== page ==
Geico reads Count Three of the complaint as demanding the full $300, 000 limit of Glass-Wyble's uninsured/underinsured motorist insurance policy. (See Doc. 1-5 [Insurance Policy Declarations Page]). However, the undersigned agrees with Glass-Wyble that, considering her complaint as a whole, she is not in fact demanding the full limit, but is instead merely demanding that Geico cover all damages for which the uninsured/underinsured fictitious defendants would be liable for in Counts One and Two. See Doc. 7 at 5 (“At the time of the accident, Defendant, GEICO, had in full force and effect a policy of insurance covering the Plaintiff under Policy #4480881632. Said insurance policy provided uninsured motorist coverage to the Plaintiff in the event she was involved in a collision with an uninsured/underinsured motorist, whereby GEICO would pay all sums which an insured would be legally entitled to recover from said uninsured/underinsured motorist.”), 7 (from Count Three: “There are applicable policies of insurance with GEICO to cover Plaintiff's injuries and damages as set forth hereinabove.”)). Accordingly, the amount in controversy must be ascertained from what Glass-Wyble can reasonably be expected (Matter Not Available).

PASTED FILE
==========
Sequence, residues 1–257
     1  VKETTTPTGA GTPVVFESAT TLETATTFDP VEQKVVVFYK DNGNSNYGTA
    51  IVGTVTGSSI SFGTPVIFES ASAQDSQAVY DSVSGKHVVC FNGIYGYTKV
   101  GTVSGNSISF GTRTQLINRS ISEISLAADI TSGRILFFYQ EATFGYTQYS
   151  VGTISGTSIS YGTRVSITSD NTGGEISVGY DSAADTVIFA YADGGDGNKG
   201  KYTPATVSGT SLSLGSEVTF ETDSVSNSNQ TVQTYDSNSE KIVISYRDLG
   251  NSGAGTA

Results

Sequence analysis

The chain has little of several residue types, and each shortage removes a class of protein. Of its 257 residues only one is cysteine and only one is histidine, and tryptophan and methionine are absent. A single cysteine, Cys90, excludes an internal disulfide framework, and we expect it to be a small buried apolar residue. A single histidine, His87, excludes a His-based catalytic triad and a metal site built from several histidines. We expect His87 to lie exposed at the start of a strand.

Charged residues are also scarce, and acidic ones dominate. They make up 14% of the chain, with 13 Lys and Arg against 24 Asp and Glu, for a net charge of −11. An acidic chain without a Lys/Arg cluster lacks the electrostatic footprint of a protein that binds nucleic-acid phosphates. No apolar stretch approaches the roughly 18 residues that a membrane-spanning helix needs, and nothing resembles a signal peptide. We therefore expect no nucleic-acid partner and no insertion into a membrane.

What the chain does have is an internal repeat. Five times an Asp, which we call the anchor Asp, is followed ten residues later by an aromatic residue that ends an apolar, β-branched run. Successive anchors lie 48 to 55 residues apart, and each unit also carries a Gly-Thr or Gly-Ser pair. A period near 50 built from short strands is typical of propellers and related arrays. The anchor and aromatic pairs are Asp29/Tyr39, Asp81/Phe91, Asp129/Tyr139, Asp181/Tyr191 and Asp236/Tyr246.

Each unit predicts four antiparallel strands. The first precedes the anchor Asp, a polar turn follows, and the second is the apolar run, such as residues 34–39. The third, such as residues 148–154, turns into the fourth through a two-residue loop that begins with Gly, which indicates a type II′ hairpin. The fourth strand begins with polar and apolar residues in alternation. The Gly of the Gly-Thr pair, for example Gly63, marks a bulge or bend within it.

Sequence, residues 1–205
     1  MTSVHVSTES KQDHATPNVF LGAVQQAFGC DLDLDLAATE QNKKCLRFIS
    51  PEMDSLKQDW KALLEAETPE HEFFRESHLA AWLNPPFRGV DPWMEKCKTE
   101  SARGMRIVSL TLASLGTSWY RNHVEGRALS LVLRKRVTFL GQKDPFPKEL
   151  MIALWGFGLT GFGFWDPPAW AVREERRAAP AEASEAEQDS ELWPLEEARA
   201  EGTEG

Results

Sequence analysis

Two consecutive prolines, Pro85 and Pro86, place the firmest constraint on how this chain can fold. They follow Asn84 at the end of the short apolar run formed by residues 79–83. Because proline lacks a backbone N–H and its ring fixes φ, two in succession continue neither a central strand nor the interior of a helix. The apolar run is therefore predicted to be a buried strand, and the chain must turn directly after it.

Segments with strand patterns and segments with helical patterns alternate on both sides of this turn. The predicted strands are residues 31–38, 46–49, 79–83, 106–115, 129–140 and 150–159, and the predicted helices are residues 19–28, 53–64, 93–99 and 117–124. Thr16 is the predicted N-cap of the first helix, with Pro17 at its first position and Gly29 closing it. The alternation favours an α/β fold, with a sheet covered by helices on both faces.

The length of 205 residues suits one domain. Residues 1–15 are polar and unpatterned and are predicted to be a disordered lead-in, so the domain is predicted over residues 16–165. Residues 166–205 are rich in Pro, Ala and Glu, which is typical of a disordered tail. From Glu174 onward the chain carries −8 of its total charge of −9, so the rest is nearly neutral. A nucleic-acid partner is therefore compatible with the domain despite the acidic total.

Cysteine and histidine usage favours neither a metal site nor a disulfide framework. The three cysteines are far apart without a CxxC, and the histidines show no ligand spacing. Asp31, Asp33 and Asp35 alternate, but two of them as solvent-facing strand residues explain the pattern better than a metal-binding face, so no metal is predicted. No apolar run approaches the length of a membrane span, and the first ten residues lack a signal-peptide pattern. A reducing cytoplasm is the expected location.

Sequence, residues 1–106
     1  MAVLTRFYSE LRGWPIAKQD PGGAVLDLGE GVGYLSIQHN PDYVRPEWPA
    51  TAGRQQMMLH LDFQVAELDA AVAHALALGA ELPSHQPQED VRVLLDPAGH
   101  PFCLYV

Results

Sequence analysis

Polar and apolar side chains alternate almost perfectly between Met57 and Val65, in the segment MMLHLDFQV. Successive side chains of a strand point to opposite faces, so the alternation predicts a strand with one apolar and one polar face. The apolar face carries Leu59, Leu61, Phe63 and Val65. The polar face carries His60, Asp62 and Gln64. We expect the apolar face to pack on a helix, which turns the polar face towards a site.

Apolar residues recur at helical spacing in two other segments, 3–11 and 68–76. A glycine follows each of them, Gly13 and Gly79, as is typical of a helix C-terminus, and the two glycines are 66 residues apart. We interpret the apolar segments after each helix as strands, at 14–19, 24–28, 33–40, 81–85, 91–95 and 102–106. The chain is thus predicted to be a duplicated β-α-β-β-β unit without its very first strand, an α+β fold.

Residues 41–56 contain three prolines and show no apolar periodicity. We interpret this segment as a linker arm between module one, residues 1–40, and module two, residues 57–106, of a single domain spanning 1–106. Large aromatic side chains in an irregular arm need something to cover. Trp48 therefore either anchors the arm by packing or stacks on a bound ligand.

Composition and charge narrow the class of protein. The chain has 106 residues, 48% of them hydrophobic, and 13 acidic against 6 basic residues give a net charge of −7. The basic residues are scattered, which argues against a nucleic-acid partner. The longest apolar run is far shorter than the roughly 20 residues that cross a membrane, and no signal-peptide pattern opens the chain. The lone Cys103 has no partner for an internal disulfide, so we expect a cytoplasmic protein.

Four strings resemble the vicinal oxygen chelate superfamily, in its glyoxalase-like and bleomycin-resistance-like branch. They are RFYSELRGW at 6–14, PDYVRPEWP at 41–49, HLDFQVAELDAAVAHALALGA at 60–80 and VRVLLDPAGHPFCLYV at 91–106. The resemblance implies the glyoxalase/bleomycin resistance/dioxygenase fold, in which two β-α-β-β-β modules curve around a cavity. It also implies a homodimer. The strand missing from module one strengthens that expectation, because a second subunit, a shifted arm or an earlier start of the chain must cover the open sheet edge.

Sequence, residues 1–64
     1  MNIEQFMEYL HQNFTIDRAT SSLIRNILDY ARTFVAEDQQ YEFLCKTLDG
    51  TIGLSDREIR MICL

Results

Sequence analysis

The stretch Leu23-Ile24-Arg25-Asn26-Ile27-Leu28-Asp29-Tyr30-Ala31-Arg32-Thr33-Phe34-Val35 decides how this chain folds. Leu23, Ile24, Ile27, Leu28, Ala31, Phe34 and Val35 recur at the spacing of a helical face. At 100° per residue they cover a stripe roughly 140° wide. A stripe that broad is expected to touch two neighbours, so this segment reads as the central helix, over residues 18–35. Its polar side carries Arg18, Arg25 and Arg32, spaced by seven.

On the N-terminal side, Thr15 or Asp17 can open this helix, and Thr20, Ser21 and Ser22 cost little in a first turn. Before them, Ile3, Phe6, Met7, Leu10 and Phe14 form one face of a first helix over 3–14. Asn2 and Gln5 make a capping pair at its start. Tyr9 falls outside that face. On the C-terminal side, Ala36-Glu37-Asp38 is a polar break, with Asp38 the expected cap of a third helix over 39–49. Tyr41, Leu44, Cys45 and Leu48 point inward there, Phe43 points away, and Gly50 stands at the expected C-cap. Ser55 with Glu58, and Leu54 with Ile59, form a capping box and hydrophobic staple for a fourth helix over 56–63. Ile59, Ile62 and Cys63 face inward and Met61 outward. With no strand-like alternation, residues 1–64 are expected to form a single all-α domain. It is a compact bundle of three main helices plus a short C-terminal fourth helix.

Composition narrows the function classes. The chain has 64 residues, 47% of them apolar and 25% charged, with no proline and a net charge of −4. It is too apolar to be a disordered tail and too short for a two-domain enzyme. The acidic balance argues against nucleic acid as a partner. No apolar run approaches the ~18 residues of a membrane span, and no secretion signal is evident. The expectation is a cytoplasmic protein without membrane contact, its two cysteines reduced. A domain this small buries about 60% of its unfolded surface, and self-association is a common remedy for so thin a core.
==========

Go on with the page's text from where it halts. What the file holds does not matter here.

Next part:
Geico also submits a letter dated October 25, 2018, from Glass-Wyble's pain management physician to one of Glass-Wyble's attorneys(Doc. 11 at 9 - 10), [8] which provides additional information about the injuries Glass-Wyble sustained in the subject car accident, the treatment she has undergone and will have to undergo as a result of the accident, and the effects of her ...